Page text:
- Hardcover: 436 pages
- Publisher: Titan Books Ltd; De Luxe edition edition (19 Dec. 2008)
- Language: English
- ISBN-10: 1848560060
- ISBN-13: 978-1848560062
- Product Dimensions: 17.7 x 2.5 x 26.4 cm
- Average Customer Review: 4.7 out of 5 stars See all reviews (317 customer reviews)
- Amazon Bestsellers Rank: 706,239 in Books (See Top 100 in Books)
Watchmen Hardcover – Special Edition, 19 Dec 2008
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Has any comic been as lauded as Alan Moore and Dave Gibbons' Watchmen? Possibly only Frank Miller's The Dark Knight Returns but Watchmen remains the critics' favourite. Why? Because Moore is a better writer, and Watchmen a more complex and dark and literate creation than Miller's fantastic, subversive take on the Batman myth. Moore, renowned for many other of the genre's finest creations (Saga of the Swamp Thing, V for Vendetta, and recently From Hell, with Eddie Campbell) first put out Watchmen in 12 issues for DC in 1986-87. It won a comic award at the time (the 1987 Jack Kirby Comics Industry Awards for Best Writer/Artist combination) and has continued to garner praise since.
The story concerns a group called the Crimebusters and a plot to kill and discredit them. Moore's characterisation is as sophisticated as any novel's. Importantly the costumes do not get in the way of the storytelling, rather they allow Moore to investigate issues of power and control--indeed it was Watchmen, and to a lesser extent Dark Knight, that propelled the comic genre forward, making "adult" comics a reality. The artwork of Gibbons (best known for 2000AD's Rogue Trooper and DC's Green Lantern) is very fine too, echoing Moore's paranoid mood perfectly throughout. Packed with symbolism, some of the overlying themes (arms control, nuclear threat, vigilantes) have dated but the intelligent social and political commentary, the structure of the story itself, its intertextuality (chapters appended with excerpts from other "works" and "studies" on Moore's characters, or with excerpts from another comic book being read by a child within the story), the fine pace of the writing and its humanity mean that Watchmen more than stands up--it retains its crown as the best the genre has yet produced. --Mark Thwaite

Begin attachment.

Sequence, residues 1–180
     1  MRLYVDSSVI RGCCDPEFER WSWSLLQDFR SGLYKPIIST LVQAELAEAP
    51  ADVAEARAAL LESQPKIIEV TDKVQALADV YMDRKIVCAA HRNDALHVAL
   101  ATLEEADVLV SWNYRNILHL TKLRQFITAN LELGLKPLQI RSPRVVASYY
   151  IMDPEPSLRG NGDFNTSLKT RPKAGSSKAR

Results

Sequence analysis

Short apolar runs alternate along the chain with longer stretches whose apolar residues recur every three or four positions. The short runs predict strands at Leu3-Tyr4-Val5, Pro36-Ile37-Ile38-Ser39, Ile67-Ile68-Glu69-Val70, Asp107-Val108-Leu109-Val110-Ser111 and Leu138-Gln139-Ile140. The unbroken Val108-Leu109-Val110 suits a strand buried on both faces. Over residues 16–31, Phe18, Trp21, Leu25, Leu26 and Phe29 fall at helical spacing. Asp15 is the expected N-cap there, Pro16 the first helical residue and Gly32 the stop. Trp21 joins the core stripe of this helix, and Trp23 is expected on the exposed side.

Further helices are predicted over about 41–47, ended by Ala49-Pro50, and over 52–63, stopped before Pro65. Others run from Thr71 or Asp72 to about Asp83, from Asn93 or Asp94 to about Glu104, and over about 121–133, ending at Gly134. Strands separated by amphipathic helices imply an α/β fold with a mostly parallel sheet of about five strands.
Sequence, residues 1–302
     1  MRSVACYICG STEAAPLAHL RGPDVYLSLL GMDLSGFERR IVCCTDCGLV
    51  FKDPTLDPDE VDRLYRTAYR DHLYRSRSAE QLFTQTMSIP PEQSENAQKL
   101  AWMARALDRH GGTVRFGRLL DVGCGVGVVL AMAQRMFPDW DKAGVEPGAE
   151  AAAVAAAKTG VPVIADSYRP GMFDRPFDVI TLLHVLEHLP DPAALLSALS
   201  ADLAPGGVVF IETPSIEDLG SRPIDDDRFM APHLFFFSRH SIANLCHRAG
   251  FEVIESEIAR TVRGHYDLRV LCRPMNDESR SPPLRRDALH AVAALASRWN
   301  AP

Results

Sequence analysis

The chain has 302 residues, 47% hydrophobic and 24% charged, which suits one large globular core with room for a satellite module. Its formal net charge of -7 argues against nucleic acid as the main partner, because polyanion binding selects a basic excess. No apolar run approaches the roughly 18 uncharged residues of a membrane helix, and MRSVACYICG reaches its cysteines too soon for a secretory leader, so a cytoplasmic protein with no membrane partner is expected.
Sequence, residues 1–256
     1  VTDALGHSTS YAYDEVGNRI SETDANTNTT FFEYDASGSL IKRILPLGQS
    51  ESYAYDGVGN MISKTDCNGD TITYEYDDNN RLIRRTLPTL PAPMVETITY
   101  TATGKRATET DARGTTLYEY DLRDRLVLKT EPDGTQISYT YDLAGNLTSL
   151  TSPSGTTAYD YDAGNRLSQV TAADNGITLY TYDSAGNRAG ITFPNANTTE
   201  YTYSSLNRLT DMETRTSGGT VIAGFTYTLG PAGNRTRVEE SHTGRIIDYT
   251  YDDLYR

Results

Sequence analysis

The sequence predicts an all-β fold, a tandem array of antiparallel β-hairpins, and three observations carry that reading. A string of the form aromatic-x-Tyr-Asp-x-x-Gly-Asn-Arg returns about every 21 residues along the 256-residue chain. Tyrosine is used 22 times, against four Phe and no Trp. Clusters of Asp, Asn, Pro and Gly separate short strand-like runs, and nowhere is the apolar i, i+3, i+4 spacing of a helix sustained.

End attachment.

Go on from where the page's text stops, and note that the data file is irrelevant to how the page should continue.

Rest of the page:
"* "Watchmen is peerless." - Rolling Stone * "His sci-fi detective masterpiece Watchmen made him (Alan Moore) the comic industry's de facto leader back in 1986" - The Guardian"See all Product description
Top Customer Reviews
(This review is for the Watchmen, International Edition – this is a nicely bound soft cover version the title)
If anything, Watchman is an examination of the history of the genre and purpose of the superhero: how readers connect to it, and what it means rationally. Moore stretches from fond parody to outright sedition, wrapping the once-simple genre in layers of meaning. This is a tale where he also constantly pushes its boundaries. Watchmen is unrepentant and unwavering in it delivery.
There are no real heroes here - for most Superhero narratives, up until the publication of this title, these Superhero comics were all usually built around wholly compassionate, venerable characters. They represent what people wish they were, and they do the things normal people wish they could do. It doesn't deliver on every level, it isn't perfect, but it contains so much that succeeds, and comes so close to fulfilling its promises that it would be almost crass to mention any failings.